Hopefully, I'll be able to come to peace with the decisions that I make day-to-day regarding Desmond's welfare.  And hopefully, the next time another mom tries to mom-up me, I'll be able to smile and congratulate her on having a parenting philosophy that works so well for her and her family.  And mean it.

And now, for your viewing pleasure, the demon and I one morning waiting for Maria to come.  He's getting to be so vocal now.  Back then (a few weeks ago), it was all about the raspberries and the spit bubbles.  

Thursday, January 27, 2011

Let's talk parenting taboos: Rufus Griscom + Alisa Volkman | Video on

Let's talk parenting taboos: Rufus Griscom + Alisa Volkman | Video on

A fantastic talk by a husband-wife team (they started, a website for parents that tells it straight). They talk about the four taboos of parenting and why people should talk about them: Not falling in love with your baby at first sight, discussing your miscarriage, parents aren't always happy, and the loneliness you feel as a parent. The interview is about 17 minutes long, but there is a transcript that you can read.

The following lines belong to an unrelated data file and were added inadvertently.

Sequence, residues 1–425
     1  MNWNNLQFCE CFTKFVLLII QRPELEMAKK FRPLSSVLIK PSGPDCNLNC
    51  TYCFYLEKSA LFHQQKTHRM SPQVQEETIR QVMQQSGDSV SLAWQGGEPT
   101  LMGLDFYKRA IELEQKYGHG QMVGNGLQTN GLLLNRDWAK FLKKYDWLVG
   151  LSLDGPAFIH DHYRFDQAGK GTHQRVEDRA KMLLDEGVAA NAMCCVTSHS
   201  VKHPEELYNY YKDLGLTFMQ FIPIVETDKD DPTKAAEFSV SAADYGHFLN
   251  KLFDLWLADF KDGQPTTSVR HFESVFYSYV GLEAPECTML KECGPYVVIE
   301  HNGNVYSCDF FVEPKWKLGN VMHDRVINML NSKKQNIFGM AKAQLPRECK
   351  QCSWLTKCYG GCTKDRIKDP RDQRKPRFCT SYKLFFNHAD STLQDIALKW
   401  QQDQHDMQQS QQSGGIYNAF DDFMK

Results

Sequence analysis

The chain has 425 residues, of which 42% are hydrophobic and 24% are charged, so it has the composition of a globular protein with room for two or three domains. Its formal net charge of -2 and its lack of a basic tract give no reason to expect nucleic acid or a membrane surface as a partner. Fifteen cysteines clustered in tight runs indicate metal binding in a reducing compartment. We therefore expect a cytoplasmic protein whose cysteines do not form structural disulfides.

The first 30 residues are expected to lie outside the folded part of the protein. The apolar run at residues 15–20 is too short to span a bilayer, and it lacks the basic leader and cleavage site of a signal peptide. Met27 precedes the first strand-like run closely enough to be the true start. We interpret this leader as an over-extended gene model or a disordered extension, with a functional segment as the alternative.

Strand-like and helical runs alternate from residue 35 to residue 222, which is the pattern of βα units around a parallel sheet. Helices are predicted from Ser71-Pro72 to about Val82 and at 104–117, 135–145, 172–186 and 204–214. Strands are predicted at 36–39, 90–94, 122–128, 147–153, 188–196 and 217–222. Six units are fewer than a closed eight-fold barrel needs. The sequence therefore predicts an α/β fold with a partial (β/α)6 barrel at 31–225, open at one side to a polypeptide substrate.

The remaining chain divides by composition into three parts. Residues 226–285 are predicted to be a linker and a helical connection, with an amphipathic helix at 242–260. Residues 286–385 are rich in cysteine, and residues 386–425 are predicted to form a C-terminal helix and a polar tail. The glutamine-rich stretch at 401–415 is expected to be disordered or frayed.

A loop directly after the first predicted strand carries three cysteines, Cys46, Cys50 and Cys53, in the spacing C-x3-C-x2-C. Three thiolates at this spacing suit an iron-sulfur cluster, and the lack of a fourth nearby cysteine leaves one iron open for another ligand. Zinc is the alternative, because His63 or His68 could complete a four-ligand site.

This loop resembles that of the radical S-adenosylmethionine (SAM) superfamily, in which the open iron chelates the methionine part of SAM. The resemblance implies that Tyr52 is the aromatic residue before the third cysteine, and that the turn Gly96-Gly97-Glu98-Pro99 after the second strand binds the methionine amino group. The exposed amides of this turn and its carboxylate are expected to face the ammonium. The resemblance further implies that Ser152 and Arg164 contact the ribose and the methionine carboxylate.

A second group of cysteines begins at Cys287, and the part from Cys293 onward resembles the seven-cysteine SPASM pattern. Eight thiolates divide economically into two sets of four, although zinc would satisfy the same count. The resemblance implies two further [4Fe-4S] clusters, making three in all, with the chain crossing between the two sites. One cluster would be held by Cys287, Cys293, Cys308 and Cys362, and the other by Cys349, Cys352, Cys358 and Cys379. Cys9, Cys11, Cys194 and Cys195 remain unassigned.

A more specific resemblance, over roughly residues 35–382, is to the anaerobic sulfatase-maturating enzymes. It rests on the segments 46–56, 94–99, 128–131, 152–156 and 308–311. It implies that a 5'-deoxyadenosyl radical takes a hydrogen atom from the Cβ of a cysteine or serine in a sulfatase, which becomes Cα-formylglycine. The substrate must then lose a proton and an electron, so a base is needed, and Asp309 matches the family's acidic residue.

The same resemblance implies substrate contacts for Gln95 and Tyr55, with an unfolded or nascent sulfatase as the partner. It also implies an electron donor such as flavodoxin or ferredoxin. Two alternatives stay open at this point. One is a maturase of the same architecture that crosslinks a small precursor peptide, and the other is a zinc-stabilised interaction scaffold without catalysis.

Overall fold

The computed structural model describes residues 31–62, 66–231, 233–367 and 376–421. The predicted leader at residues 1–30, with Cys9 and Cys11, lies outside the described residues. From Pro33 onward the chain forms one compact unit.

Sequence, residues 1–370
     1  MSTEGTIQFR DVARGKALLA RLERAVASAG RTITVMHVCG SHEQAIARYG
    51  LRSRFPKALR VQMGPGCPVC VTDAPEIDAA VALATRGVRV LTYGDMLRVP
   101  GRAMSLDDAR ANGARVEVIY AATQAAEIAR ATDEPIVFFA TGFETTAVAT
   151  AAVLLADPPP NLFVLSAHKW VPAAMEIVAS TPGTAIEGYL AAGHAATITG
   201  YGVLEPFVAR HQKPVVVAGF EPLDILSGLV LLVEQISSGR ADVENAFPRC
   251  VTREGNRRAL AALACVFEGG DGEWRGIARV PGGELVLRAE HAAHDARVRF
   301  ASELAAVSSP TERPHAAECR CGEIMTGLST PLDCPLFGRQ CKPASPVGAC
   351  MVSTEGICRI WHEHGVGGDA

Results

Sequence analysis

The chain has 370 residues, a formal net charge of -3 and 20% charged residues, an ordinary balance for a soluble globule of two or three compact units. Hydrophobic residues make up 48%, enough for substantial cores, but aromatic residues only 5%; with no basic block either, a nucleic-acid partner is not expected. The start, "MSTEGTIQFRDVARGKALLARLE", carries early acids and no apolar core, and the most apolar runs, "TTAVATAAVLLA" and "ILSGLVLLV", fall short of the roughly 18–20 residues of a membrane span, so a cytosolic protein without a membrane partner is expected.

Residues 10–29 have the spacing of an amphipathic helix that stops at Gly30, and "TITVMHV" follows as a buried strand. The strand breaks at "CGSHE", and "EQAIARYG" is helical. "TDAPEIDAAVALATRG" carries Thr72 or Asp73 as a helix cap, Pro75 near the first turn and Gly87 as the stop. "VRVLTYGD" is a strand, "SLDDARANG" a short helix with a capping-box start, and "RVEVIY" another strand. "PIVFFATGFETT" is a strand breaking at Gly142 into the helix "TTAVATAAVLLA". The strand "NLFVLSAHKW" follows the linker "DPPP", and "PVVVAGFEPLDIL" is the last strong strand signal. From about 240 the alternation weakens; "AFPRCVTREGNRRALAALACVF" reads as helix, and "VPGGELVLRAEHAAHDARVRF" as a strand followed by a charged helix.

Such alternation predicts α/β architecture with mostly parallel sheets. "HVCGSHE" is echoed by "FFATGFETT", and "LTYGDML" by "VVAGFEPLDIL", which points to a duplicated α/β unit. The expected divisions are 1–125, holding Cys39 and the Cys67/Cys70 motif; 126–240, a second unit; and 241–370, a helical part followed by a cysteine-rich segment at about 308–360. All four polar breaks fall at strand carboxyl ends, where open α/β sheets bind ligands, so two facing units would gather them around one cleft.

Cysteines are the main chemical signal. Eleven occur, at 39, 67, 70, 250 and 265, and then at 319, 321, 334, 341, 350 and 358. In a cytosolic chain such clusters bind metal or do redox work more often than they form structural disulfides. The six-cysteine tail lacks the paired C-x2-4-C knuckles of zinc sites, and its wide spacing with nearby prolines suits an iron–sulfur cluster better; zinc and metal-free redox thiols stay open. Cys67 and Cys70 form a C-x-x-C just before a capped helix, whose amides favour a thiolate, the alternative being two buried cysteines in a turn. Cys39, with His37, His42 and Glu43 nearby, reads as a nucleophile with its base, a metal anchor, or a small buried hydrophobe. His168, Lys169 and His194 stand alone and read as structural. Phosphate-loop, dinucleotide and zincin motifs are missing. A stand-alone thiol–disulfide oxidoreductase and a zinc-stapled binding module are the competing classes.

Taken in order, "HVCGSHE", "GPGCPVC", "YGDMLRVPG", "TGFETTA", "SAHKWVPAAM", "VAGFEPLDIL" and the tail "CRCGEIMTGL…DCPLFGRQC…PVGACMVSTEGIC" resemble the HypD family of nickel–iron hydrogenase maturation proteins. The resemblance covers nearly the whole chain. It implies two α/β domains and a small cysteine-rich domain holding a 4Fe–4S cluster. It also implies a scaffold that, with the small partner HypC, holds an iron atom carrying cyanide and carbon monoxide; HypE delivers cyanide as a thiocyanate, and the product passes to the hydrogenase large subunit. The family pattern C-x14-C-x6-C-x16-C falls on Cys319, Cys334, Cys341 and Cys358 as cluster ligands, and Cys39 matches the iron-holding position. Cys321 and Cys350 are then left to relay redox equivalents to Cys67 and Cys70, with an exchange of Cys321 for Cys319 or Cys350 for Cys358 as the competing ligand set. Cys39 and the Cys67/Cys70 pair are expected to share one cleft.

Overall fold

Tuesday, January 25, 2011

Chest hair and bath robes

I was inspired by THIS post on my friend Dani's blog.  She's a wonderful single mom and made the choice to showcase beautiful pictures of her baby's father, although she originally hesitated to do so.  As a fellow unmarried (albeit not single) mother, my proverbial hat goes off to all the "other" mothers out there: the unwedded, unattached, married to other moms, cohabiting women of the world.